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Ob, higher yet his star shall rile;
THE SERMON ON THE MOUNT.
As the light of the bright morning broke over the hills of Judea, a great multitude was seen hastening up the sides of the mountain. All the night long the Son of Man had been on this mountain alone. What prayers he offered, what desires he expressed, what visions he saw,
we may never know in this world. But early the crowds have gathered that they may hear him speak. They have heard that no human tongue ever uttered notes so sweet, that no human voice ever thrilled the heart with such power, leaving its echo in the soul, like some sweet music that seems to hover over the harp that first created the melody, and their hearts whisper that he may be the long-promised Messiah.
Near, and around him stand the many who call themselves his scholars. These he calls to him, and from them selects twelve by name. The multitude wonder. Are these the twelve who are to be generals in his army, marshals in his empire, as he leads out the hosts of Israel to their deliverance? Are these to be his stair officers in that mighty struggle, in
consequence for the new prophet of Nazareth to send out a few illiterate men as heralds of his kingdom. Without education, wealth, genius, the patronage of the rich, or any thing by which they might hope to attract attention. They surrounded their teacher, and were told to go out in his name, and under his sole authority! How eagerly Peter, ardent and headstrong, listened! How timidly did lovely John receive the command! How strong arose the hope in the bosom of the traitor, that he would now have the opportunity to fill his purse! They thought that it was a commission to them to go out and preach the gospel: we see that it embraced the commission of every faithful
preacher of that gospel to the end of the world. They thought Judea and its environs would form the boundaries of their labours; they little knew that on continents then undiscovered, and in languages then uncreated, magnificent churches would bear their names, and they would be invoked as the guardian saints! But those brief instructions form all the commission Christ's servants can ever claim. It was like stamping laws on light and on water, so that the creation, of the first rainbow created every rainbow that shall ever hang on the dark clouds. The engineer seems to do but little as he marks out a track, and sets up here and there a stake, but in reality, he is deciding where the multitudes, who shall daily pass over that road, shall go. It is thus that the acts of our Saviour, which seem at first view to be insignificant, are found to contain in them vast results. The oak is wrapped in the acorn; the mighty tree in the little seed. The few instructions contained in this one commision are worth more to the human race than the mightiest volume that uninspired, plodding minds have ever penned. Genius may throw his beautiful creations upon the world, and they will.be admired: Learning may pour out his rich stores, and mankind will rise up and do him homage; Eloquence may throw his electrical wires over men, and make them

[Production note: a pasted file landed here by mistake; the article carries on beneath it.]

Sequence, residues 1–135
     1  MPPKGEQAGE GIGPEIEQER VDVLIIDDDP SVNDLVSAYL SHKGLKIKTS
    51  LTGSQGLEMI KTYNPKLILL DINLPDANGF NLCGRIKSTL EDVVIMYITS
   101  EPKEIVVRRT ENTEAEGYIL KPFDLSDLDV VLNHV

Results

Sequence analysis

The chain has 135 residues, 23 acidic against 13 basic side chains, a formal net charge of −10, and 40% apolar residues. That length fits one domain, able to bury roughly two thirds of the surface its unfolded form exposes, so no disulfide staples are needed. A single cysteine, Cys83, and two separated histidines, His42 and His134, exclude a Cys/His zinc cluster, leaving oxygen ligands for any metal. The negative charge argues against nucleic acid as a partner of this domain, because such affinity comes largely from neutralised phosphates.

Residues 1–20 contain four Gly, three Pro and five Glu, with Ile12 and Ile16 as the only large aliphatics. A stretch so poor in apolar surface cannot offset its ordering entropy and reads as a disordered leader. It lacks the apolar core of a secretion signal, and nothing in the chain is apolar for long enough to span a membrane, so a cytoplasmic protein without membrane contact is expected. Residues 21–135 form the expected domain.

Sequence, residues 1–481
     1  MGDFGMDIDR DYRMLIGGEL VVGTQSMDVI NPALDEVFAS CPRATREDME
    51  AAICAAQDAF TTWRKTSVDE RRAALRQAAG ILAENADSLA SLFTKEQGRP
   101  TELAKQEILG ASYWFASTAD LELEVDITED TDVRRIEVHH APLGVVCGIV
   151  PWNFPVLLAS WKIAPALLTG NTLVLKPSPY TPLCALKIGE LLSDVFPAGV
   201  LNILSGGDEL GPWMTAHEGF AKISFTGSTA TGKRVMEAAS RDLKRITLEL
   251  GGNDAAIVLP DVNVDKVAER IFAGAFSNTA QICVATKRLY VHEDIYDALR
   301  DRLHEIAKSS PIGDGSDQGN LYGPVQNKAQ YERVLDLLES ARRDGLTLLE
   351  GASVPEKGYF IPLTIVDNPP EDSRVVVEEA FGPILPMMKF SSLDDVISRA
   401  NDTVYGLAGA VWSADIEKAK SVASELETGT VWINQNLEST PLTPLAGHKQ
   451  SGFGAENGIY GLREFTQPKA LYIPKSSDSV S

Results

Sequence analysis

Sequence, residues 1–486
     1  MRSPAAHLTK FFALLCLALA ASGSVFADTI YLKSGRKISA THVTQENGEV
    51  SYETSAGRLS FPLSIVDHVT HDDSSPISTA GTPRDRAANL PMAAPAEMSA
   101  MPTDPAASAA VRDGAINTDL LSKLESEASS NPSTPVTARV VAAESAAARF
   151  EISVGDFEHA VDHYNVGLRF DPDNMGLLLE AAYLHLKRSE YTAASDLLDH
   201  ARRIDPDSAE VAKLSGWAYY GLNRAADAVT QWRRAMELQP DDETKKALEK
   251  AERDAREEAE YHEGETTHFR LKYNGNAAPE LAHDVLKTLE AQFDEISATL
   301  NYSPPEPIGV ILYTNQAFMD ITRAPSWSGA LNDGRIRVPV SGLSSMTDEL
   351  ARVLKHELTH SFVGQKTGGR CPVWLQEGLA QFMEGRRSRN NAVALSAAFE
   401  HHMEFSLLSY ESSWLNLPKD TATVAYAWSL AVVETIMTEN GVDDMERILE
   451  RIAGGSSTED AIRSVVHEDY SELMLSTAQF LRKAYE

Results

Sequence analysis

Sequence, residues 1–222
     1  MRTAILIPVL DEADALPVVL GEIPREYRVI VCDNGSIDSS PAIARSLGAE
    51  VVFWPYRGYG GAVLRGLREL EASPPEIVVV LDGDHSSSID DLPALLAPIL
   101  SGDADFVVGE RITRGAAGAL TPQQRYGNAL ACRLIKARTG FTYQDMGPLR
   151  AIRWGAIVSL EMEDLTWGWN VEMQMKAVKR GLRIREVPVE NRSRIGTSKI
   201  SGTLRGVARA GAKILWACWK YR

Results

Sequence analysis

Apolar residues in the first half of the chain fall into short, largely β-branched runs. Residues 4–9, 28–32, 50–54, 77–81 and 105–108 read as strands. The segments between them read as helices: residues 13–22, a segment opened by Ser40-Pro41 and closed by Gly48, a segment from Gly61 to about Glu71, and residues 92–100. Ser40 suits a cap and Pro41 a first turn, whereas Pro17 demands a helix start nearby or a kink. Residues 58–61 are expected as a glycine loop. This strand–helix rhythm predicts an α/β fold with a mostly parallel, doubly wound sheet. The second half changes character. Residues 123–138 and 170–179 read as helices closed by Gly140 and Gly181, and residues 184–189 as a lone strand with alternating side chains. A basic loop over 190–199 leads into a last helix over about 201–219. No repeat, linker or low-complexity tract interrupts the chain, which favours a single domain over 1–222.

thrill at his will; Music may touch her lyre, and the heart will tremble in ecstasy: and Poetry may lift up the soul in regions where the sunshine, the light, the very breathings are unearthly: yet, after all, there was never a being who, in words so few, so simple, so childlike, bowed, subdued, and controlled so many hearts, as Jesus Christ. And if we were asked to point to a single page that beams with light like that which flashed from the Shekinah between the cherubim, we would turn to the great commission,—Jesus Christ sending out men to preach the gospel to all the earth.
CHRIST HEALING THE DEMONIAC.
Scene—Sunset in the cottage of the widow Sbelomlth, the Jewess.
O My children, would that you had been with mo to-day, that you might have seen the strange things I have seen. As I went out to the harvest-field to glean the widow's portion, the scattering cars, with little Helez, who so earnestly desired to see the reaping, I found the reapers leaving their work, and hastening, with multitudes of strangers, towards Capernaum. On my inquiring what this meant,
A]reedy the untutored crowd
Prepare to glorify their Qod,—
Is there a heart untuned to praise?
Ah, yes; those scoffing Rabbis raise
The cry of blasphemy; For none
Can pardon sins but Qod alone."
How meekly did the Saviour then
His Godhead and his power maintain :—
"Whether is easier to say,
. Rise, take thy couch, and go thy way;'
Or to prepare a soul for heaven,
By showing all Its sins forgiven f
But that your hardened hearts may know,
The Son of Man hath power below,
I to this palsied sufferer say,
'Rise, take thy couch, and go thy way !'"
The crowds their shouts of honour raise,
As with glad haste the man obeys,
And mingles gratitude with praise.
Abdon, our neighbour, said, "Jesus, the carpenter's son, is near," and hurried on. Having heard of the wonders done by this new prophet, I took your little brother by the hand, and led him to the grove just in sight of Capernaum, whore Jesus stood. You ask me how
he looked? Ah! my children, I cannot describe his majesty and loveliness ;—he is fairer than the sons of men. Around him stood twelve men who follow him, they say, in all his wanderings. Before he began to speak, n stir arose in the crowd, and two strong !shmael